SMM2, 18 Feb: Norway has approved the Arctic Copper Project, which has been described as "the most environmentally destructive project in Norwegian history"
Local Sami herders and fishermen argue that the plan will exacerbate existing problems affecting their homes and livelihoods, such as climate change, oil spills and poaching. Oslo, Norway, approved the plan on Thursday.
As many as 66 million tons of copper are believed to be buried underground in Kvalsund, Finnmark. Finmark is the northernmost part of the European Arctic Circle.
Environmentalists worry that this will lead to mining and drilling projects in other vulnerable ecosystems in the Arctic. The Arctic has become the latest frontier in the rapid depletion of mineral and fossil fuel reserves.
Melting sea ice has allowed heavily polluted ships to enter their original habitats, and countries are coveting their precious natural resources.
The Arctic is warming twice as fast as the rest of the planet, and current trends suggest that the Arctic will be ice-free as early as the summer of the 1950s.
This opens up business opportunities for resource extraction and cruise ships.
Nussir, the Norwegian mining company with full mining rights, said it would take advantage of the region's deep-sea ice-free ports, a major road and a "developing industrial zone" that has been built. The company says it is committed to minimizing interference with the way of life in its communities.
Norwegian Industry Minister Tobijoen Roy Isaksen (Torbjoern Roe Isaksen) also insisted that the project would make a positive contribution to local communities by providing new jobs and skills.
But Nils Mathis Sara, a reindeer herder, says the plan proves that Oslo is not taking their concerns seriously. He was shocked by the Government's decision and hoped that the Norwegian Government would hear their arguments.
Environmental groups worry that mining copper will destroy the land on which reindeer live in the summer.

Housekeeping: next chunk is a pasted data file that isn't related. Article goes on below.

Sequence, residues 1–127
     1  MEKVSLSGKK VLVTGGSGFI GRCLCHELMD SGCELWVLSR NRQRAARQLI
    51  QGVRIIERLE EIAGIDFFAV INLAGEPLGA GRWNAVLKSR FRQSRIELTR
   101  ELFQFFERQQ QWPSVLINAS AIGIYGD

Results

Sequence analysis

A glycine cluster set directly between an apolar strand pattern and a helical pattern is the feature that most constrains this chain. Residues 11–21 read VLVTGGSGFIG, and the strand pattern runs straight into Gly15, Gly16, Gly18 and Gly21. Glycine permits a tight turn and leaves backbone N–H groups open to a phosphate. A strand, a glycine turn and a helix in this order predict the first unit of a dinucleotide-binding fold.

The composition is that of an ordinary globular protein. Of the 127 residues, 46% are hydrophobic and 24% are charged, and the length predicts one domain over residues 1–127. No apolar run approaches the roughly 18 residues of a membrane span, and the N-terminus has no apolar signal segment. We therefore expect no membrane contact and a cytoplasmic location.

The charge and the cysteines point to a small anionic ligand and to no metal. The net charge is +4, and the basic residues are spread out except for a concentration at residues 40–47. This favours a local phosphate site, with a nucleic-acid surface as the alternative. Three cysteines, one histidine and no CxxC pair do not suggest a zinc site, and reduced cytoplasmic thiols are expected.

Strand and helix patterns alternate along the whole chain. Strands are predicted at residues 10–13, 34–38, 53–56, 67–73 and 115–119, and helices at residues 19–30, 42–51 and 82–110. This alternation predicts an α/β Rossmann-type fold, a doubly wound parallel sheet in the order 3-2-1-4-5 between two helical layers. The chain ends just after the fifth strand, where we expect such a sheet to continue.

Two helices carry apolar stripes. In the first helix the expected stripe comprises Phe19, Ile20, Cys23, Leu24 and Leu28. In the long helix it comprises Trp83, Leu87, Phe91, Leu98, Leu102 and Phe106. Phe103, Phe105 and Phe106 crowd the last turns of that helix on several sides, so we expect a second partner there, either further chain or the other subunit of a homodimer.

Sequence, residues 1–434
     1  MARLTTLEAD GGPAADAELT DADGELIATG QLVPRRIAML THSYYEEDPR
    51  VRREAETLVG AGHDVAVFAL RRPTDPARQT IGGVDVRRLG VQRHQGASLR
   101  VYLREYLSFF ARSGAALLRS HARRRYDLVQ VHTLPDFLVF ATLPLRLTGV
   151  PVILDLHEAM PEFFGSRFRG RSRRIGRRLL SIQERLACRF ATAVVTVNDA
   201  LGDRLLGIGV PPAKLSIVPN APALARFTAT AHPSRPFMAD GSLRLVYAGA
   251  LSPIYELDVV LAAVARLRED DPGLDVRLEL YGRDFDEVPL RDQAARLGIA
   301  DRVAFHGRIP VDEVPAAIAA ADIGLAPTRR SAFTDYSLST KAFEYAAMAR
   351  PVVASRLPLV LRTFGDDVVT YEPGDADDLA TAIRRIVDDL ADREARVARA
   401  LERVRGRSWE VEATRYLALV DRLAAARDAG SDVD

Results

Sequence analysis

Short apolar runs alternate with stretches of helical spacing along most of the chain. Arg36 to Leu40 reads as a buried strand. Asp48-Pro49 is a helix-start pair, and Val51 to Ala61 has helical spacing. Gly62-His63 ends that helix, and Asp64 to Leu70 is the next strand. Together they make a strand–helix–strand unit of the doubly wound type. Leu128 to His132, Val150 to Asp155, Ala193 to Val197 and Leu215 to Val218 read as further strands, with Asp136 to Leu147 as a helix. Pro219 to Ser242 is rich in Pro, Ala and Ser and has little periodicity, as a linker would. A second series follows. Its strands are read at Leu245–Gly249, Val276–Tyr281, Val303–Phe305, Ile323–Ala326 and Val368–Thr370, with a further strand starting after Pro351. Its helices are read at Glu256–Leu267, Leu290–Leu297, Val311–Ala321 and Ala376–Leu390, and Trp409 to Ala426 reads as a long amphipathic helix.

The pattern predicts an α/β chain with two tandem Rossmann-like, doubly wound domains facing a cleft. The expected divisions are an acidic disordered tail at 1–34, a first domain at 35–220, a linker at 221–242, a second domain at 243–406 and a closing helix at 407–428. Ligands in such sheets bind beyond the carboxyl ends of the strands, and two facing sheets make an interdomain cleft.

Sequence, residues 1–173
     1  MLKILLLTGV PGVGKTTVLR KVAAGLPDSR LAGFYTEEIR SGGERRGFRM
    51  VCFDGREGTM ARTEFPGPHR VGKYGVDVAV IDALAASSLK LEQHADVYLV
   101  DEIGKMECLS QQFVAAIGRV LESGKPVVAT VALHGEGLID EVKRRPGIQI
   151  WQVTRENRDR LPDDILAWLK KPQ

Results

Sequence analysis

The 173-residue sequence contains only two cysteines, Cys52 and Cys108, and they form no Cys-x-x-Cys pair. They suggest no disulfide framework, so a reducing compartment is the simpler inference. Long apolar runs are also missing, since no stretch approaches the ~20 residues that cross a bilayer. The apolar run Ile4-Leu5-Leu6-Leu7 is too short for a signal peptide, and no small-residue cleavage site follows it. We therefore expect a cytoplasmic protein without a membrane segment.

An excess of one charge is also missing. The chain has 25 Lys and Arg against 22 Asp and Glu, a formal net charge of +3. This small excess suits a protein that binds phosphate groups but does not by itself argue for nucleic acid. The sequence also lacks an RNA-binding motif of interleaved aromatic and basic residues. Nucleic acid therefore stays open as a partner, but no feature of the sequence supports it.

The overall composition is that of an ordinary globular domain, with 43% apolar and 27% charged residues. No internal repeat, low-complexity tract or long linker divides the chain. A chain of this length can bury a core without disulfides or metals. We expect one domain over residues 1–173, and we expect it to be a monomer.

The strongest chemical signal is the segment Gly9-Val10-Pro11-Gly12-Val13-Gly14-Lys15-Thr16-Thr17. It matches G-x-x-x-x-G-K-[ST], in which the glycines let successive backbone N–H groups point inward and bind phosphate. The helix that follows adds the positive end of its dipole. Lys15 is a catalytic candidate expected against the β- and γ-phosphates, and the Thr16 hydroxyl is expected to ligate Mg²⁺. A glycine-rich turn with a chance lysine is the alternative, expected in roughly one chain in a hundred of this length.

A plan to dump mining waste into the coastline of Lipa Fjord threatens the spawning grounds of Atlantic salmon.
Silje Ask Lundberg, head of Friends of the Earth, said it was one of the most environmentally damaging industrial projects in Norwegian history. This decision makes it clear that governments do not take the struggle to protect marine life seriously and prefer to put short-term interests above conservation and sustainable development.
Activists say 2 million tons of heavy metal waste will be dumped into a fjord each year, the equivalent of 17 trucks an hour.
Earlier, mine waste dumped in the same fjord was lower than planned in the project approved today, resulting in a significant decline in salmon populations, which took 13 years to recover. Cod stocks have still not returned to their former spawning grounds.
Norway is the only country in Europe that allows mining companies to dump solid mine waste directly into the sea and is one of only five countries in the world to allow this.
Earthworks, an environmental charity, said the dumping of mine waste in the Rippa fjord in the 1970s "almost destroyed" the region's fisheries.
Critics are considering whether to take legal action, which could delay the project. The project has been awaiting government approval since it was approved by local officials in 2012.
About 2500 people took part in civil disobedience activities against the project.
The British government has been promoting mining in the Arctic, writing in 2014 that Norway's "rich mineral resources" offer "excellent growth opportunities".
Norwegian government approves the plan to mine copper deposits in the Arctic Circle
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